Apple Inc. Chief Executive Officer Steve Jobs can start selling the iPhone in June as planned after agreeing to share the name with Cisco Systems Inc. and averting a possible court case.
The Silicon Valley giants ended a six-week dispute by agreeing to share the iPhone brand and explore ways their products can work together, according to a joint statement late yesterday. Cisco sued Apple last month for violating a trademark owned since 2000.
The settlement paves the way for Cupertino, California-based Apple to start marketing the combination music player, mobile phone and messaging device, which was introduced to fanfare last month in San Francisco. Jobs expects to sell 10 million iPhones next year for as much as $599 a piece, taking on Research in Motion Ltd.’s BlackBerry and Palm Inc.’s Treo.
‘IPhone is worth a hell of a lot more to Apple than to Cisco,’ John Daniel, a partner at Kramer Levin Naftalis & Frankel LLP in New York, said before the announcement. He isn’t involved in this case. ‘The Rs.I’ prefix is what Apple has been developing, and if it didn’t have that, it would be unhappy. I don’t think anybody associates iPhone with Cisco these days.’
Cisco, the world’s largest maker of computer-networking equipment, claimed Apple’s iPhone violated a trademark that Cisco acquired in 2000 with the purchase of Infogear Technology Corp. Apple, which unveiled the device on 9 Janurary, called the suit ‘silly’ because its iPhone differs from Cisco’s Internet-based home phone.
The agreement comes two weeks after Apple ended decades of litigation with the Beatles over rights to use the Apple name and logo.
Shares of Apple rose $3.30 to $89.20 yesterday in Nasdaq Stock Market composite trading and have jumped 29 % in the past year. Shares of San Jose, California-based Cisco fell 28 cents to $27.38 and are up 40 % the past 12 months.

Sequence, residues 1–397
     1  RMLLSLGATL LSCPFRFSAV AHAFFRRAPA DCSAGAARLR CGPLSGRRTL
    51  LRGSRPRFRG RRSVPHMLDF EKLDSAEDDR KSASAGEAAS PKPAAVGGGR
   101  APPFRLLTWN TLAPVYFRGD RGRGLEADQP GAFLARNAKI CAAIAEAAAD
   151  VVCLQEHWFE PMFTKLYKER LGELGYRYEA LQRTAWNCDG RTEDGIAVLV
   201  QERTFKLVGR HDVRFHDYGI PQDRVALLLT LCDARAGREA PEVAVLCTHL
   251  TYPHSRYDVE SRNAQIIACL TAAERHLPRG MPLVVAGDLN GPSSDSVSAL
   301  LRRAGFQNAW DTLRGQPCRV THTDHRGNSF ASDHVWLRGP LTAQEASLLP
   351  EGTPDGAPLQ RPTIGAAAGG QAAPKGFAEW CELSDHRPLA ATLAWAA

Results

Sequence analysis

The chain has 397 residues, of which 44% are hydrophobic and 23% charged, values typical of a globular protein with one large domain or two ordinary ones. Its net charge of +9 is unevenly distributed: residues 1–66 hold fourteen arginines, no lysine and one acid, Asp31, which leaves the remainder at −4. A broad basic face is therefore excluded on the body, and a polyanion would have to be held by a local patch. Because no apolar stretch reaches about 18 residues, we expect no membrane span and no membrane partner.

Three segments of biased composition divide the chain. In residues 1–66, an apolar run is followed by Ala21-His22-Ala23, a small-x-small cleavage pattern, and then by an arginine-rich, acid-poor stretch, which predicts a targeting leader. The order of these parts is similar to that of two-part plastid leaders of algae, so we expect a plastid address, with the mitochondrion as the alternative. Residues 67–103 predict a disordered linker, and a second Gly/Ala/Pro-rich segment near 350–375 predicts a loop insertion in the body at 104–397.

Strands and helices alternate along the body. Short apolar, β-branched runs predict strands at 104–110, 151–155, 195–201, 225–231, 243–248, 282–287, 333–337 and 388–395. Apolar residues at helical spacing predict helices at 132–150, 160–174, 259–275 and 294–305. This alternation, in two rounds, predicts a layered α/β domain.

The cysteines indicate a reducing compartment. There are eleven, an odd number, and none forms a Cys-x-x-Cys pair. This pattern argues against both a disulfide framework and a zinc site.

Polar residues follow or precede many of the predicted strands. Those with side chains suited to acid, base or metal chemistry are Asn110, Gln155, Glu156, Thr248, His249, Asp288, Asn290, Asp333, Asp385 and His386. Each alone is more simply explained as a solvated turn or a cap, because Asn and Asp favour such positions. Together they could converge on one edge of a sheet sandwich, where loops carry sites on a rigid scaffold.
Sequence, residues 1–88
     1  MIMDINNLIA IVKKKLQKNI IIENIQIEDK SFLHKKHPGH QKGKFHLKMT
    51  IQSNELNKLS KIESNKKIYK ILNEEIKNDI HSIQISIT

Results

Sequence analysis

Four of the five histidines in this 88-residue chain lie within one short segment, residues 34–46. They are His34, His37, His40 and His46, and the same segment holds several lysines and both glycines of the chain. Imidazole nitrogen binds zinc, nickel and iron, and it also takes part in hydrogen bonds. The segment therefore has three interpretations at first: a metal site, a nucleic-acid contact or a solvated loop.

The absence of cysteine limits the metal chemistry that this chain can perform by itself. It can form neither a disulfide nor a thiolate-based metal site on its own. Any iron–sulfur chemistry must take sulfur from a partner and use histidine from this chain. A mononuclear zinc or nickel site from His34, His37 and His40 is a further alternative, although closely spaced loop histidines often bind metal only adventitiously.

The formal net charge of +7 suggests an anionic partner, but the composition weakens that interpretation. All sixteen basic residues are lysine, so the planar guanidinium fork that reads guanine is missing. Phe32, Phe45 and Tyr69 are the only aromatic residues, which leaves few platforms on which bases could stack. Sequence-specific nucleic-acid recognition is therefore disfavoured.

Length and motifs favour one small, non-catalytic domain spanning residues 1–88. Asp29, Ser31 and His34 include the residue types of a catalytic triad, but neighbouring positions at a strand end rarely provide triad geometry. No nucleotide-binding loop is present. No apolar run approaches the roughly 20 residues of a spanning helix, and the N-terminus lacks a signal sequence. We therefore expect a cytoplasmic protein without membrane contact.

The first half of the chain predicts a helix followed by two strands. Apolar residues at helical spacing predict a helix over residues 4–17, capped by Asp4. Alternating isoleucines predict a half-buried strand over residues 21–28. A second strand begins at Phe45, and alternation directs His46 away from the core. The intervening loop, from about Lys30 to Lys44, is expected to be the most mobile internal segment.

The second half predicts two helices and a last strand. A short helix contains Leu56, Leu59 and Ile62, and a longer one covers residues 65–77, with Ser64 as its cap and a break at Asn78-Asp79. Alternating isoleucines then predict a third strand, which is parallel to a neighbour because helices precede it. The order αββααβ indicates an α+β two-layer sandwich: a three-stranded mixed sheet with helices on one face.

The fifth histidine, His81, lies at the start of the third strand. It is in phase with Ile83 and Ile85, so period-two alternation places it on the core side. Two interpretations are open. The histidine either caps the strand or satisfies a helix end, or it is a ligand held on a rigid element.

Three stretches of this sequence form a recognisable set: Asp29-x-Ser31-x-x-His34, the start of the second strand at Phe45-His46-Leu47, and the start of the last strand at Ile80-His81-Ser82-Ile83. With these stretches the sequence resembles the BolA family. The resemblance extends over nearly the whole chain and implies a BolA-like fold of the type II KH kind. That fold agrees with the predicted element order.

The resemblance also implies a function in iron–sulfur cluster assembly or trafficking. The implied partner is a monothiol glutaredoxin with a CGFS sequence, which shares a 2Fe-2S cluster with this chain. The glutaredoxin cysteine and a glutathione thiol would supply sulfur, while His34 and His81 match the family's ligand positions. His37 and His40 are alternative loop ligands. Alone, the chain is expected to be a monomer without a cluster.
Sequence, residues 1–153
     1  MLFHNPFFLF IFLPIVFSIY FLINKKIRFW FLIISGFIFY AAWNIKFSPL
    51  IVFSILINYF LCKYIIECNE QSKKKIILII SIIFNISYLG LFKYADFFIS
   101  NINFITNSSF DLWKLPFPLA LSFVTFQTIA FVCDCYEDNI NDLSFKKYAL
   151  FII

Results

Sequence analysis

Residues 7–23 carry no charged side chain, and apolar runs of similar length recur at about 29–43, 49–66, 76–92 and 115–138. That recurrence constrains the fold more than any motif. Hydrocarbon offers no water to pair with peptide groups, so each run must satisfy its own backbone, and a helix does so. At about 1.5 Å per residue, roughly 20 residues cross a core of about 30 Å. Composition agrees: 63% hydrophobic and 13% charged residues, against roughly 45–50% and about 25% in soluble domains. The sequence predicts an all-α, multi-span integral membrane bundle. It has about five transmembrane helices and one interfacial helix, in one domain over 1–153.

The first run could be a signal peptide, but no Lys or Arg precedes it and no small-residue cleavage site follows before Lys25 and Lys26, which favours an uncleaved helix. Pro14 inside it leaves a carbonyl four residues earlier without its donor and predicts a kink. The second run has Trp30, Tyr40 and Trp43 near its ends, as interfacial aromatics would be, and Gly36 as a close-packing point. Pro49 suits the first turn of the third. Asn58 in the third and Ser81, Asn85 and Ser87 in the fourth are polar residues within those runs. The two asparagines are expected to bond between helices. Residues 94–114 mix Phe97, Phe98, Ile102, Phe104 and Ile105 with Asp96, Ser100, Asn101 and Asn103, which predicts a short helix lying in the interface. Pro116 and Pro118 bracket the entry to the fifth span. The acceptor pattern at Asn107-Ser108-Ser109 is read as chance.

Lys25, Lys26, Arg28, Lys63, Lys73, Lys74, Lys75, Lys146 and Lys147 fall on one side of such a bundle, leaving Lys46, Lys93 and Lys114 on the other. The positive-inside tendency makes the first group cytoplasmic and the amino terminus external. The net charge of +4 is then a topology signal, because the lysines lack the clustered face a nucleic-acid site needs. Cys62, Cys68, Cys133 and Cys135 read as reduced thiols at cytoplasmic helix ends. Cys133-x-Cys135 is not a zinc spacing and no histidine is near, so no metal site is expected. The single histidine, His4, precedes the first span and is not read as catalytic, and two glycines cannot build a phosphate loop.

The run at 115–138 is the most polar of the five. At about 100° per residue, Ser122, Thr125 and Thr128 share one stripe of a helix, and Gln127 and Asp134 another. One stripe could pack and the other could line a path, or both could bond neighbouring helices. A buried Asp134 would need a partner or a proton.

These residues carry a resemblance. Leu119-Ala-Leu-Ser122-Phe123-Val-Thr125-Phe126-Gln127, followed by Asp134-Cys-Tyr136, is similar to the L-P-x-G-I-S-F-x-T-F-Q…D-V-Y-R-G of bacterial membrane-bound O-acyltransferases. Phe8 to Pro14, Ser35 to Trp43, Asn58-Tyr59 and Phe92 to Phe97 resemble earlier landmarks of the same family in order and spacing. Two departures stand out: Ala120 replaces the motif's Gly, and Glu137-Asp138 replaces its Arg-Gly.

Apple approached Cisco about using the name several times during the past year and announced the product before an agreement was reached, according to a 10 January blog posting by Cisco general counsel Mark Chandler.
Apple still faces possible delays in Canada, where closely held Comwave Telecom Inc. has used the iPhone brand since 2004 to sell Web-based phone service. Comwave said in January it filed documents opposing Apple’s motion to take the name.
Cisco Rs.wants to ride Apple’s brand recognition and get a little coat-tail effect,’ James M. McCarthy, a partner at McDonnell Boehnen Hulbert & Berghoff in Chicago, said before the announcement. He isn’t involved in the case. ‘Interoperability was important to Cisco.’
Cisco’s iPhone is part of its Linksys home routing unit, which the company purchased in 2003 to tap the consumer market. The phones, which sell for less than $100, enable Web-based calls through EBay Inc.’s Skype service and Yahoo! Inc.’s Messenger.
The companies said yesterday that they will explore ways their products can work together in security products as well as consumer and business communications.
For Apple, the decision follows an agreement with the Beatles to end all trademark disputes related to the Rs.Apple’ name and logo and may enable the company to add songs by the Beatles to the iTunes online store. Apple Inc. will license some rights back to Apple Corps Ltd.